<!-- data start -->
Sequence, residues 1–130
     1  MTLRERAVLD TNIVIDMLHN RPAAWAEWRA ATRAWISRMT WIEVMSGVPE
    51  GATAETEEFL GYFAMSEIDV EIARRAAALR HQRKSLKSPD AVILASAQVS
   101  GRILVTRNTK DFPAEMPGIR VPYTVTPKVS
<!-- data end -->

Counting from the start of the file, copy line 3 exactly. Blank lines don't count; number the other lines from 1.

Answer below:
    51  GATAETEEFL GYFAMSEIDV EIARRAAALR HQRKSLKSPD AVILASAQVS